The Ralph M. Brown Open Meeting Law and Bagley-Keene Act give all of us the right to attend and participate in meetings of local and state governmental bodies. The Brown Act covers meetings of local legislative bodies like city councils, county boards of supervisors, school boards and special district boards, while the Bagley-Keene act covers bodies of state agencies, like the Air Resources Board. These laws create five basic rights: 1. The public has a presumptive right to attend meetings of a legislative body (there are narrow exceptions allowing closure of meetings that must be strictly observed); 2. The public has a right to advance notice of the date, time and location of the meeting and a description of each item of business to be discussed at the meeting; 3. The public has the right to obtain copies of memos and background materials in support of a meeting as soon as the materials are distributed to a majority of the members of the body; 4. The public has the right to speak at a meeting; and, 5. After meeting in a permissible closed session, the body is required to publicly disclose actions taken and any documents approved in the closed session.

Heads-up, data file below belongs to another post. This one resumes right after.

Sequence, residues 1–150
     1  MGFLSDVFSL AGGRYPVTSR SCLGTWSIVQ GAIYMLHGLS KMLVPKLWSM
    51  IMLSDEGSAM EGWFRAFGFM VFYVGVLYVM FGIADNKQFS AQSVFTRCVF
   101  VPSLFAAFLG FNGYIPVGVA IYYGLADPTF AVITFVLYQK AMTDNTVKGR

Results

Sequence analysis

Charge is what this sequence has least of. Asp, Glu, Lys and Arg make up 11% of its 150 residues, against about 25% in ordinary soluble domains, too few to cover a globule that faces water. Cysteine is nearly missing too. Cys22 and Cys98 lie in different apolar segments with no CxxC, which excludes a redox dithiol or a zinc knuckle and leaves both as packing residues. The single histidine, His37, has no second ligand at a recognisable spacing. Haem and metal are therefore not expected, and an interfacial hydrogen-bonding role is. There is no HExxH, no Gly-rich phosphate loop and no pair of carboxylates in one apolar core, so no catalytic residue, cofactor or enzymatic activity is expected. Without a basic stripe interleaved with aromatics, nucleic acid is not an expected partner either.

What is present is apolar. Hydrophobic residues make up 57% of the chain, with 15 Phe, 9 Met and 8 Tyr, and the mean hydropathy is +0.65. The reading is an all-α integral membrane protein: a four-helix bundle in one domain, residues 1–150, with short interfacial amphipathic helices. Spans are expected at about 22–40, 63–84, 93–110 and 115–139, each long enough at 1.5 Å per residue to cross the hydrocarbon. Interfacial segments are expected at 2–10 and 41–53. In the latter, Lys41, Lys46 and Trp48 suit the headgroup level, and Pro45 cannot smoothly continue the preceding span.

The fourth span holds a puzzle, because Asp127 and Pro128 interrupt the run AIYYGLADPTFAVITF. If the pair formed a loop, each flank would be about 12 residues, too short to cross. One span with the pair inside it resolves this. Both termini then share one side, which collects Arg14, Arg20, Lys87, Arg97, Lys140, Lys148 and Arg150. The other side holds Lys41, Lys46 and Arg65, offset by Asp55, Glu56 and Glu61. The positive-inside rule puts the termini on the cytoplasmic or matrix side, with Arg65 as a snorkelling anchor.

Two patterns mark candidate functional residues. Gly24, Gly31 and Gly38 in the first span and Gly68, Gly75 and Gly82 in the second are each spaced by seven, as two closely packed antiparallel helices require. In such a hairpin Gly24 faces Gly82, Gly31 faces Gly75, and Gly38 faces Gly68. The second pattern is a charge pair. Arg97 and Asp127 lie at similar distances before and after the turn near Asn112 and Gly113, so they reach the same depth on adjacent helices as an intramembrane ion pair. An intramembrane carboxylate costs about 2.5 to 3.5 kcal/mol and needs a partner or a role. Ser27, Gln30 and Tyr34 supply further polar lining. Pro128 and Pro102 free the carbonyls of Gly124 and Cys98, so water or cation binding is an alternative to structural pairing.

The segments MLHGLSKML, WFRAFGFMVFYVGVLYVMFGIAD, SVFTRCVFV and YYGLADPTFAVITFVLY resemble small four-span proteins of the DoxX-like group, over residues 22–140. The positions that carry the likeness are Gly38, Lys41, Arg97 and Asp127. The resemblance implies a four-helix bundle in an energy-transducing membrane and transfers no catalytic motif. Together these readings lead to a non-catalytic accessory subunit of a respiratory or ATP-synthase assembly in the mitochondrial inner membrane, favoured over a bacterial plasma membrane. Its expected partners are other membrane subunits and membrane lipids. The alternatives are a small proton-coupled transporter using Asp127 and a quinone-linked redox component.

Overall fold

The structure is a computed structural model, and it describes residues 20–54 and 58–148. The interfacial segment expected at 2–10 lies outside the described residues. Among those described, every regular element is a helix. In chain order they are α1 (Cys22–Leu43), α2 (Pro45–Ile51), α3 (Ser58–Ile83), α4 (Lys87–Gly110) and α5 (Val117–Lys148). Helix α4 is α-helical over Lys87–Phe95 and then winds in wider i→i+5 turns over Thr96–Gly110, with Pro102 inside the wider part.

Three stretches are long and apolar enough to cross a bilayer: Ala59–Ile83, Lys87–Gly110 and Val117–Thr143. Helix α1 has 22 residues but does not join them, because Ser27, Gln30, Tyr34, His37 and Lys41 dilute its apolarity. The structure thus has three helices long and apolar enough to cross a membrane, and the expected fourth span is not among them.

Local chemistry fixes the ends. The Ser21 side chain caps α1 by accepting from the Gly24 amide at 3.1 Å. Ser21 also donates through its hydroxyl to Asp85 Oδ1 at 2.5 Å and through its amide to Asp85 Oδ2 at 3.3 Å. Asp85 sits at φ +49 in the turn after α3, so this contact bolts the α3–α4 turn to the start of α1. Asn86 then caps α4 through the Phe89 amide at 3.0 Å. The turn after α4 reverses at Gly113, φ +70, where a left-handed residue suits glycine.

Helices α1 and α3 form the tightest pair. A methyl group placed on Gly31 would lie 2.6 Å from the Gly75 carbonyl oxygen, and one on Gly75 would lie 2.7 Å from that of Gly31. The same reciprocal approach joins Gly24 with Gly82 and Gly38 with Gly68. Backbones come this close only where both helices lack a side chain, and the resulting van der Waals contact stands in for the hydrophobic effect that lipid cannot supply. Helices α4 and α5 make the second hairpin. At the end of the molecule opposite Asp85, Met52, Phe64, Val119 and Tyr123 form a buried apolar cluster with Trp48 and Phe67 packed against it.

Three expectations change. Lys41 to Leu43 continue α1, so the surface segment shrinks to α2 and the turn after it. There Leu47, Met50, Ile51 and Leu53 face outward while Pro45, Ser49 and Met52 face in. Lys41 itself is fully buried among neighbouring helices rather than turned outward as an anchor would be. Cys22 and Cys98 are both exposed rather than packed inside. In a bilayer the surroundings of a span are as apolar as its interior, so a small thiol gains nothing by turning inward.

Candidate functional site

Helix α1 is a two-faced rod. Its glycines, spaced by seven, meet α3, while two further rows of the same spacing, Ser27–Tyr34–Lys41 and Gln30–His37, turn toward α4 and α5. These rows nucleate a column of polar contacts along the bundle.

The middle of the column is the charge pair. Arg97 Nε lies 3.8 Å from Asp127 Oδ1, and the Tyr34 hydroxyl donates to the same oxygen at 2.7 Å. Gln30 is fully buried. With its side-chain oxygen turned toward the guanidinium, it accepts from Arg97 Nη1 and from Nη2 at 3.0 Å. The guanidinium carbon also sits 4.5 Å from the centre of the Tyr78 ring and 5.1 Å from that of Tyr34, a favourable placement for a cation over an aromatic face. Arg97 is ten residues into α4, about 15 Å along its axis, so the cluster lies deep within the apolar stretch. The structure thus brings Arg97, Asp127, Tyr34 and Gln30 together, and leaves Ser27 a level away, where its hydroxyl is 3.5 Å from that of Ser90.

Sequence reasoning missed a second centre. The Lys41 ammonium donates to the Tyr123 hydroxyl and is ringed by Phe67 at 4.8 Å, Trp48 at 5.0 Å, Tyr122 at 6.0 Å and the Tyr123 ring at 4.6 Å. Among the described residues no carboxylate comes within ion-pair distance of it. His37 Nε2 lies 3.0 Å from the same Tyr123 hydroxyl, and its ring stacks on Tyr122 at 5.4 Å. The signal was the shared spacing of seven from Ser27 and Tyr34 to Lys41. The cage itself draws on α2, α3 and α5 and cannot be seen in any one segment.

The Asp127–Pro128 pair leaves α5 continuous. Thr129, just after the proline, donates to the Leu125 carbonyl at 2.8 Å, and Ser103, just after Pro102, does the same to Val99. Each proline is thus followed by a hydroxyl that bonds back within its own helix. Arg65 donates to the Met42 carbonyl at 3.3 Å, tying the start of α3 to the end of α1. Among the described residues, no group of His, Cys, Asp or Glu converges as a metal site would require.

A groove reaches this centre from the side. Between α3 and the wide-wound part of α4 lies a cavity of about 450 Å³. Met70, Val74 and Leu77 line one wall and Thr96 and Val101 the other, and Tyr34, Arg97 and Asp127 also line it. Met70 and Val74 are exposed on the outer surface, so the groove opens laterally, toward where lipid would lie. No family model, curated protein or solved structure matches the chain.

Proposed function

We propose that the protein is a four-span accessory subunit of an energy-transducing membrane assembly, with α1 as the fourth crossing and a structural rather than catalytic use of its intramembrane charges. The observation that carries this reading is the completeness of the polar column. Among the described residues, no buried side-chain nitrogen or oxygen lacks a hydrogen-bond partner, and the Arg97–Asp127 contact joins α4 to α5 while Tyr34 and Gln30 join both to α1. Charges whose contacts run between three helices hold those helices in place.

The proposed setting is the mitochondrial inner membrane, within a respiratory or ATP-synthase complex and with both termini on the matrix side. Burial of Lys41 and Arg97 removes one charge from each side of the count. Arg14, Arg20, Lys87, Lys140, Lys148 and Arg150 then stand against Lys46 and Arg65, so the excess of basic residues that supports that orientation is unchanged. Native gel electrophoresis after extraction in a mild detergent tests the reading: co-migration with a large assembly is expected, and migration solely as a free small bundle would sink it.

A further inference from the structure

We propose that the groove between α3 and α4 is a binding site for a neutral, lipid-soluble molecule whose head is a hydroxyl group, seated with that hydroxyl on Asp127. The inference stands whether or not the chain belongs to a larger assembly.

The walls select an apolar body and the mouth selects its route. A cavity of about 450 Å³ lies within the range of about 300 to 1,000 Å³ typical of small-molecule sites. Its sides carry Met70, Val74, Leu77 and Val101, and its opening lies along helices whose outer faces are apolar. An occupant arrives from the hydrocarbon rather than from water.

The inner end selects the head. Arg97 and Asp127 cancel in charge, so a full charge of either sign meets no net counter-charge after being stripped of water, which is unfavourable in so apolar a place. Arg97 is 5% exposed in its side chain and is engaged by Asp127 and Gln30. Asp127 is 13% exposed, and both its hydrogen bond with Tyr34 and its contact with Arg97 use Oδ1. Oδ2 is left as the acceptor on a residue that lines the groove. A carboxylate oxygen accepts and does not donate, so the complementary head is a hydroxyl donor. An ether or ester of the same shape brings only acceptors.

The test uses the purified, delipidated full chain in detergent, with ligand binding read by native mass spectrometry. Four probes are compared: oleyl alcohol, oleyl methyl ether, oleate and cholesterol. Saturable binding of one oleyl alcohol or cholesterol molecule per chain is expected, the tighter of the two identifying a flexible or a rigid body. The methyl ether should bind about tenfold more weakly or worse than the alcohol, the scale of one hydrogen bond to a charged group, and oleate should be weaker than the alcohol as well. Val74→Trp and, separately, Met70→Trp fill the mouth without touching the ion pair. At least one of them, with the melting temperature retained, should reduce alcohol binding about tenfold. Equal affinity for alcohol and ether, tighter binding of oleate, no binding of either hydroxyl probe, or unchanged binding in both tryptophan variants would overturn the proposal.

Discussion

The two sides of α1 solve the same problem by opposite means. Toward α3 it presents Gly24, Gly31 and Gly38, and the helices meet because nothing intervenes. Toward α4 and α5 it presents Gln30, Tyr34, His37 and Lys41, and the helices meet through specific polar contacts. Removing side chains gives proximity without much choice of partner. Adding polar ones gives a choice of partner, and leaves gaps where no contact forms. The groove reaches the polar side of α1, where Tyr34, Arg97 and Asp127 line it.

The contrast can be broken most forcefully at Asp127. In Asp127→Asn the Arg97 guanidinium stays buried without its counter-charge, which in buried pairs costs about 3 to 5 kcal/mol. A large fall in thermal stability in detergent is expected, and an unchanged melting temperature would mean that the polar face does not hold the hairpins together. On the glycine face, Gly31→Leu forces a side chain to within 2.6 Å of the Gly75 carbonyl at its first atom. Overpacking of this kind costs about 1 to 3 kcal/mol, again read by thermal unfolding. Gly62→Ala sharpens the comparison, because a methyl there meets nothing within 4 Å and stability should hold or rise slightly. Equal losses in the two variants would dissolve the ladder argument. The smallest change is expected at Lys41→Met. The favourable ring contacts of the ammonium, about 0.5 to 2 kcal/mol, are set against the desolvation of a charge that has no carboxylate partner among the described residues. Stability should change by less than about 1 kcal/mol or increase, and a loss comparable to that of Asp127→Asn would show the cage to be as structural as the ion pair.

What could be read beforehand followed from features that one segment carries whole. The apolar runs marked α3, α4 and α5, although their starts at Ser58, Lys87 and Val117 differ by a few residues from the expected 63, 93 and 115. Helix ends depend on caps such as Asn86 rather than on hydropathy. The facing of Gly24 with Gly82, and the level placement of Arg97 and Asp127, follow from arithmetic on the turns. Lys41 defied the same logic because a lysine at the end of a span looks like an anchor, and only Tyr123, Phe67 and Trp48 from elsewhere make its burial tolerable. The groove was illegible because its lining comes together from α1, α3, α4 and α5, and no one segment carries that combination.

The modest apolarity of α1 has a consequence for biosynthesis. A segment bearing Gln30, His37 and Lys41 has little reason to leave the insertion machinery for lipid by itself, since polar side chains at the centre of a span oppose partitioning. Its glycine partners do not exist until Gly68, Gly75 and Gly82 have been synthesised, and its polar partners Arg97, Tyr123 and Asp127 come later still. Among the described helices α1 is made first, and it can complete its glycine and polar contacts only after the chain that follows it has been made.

California’s courts — the proceedings and records of both criminal and civil courts — are presumed to be open to the public because of myriad court decisions, statutes and regulations. This is a complicated and fact-and-proceeding specific analysis, but these general principles apply: 1. Court proceedings are presumed to be open to the public; 2. An attempt to overcome the presumption of openness must be noticed to the public and the burden is on the party seeking closure to establish the existence of a compelling interest to justify closure; 3. Any order to close a proceeding must be narrowly tailored to meet that interest and go no further; 4. The court must make findings justifying closure on the record; and, 5. Findings must be specific and compelling, not speculative. Similarly stiff rules must be met to seal court records.

In 2004 California voters overwhelmingly amended the State Constitution to establish a Constitutional right of access that begins: “The people have the right of access to information concerning the conduct of the people’s business, and, therefore, the meetings of public bodies and the writings of public officials and agencies shall be open to public scrutiny.” While this provision is still being interpreted by the courts, it provides a powerful boost to all the laws that create a presumptive right of public access to the records and meetings of government officials.

These are powerful tools for the public to pry open the doors and files of government, but all their power lies in their continuing use by a diligent and persevering public and the journalists that support the public’s right to know.

Tom Newton is the Executive Director of the California News Publishers Association, which for 129 years has fought for the common interests of its members and the public’s right to know.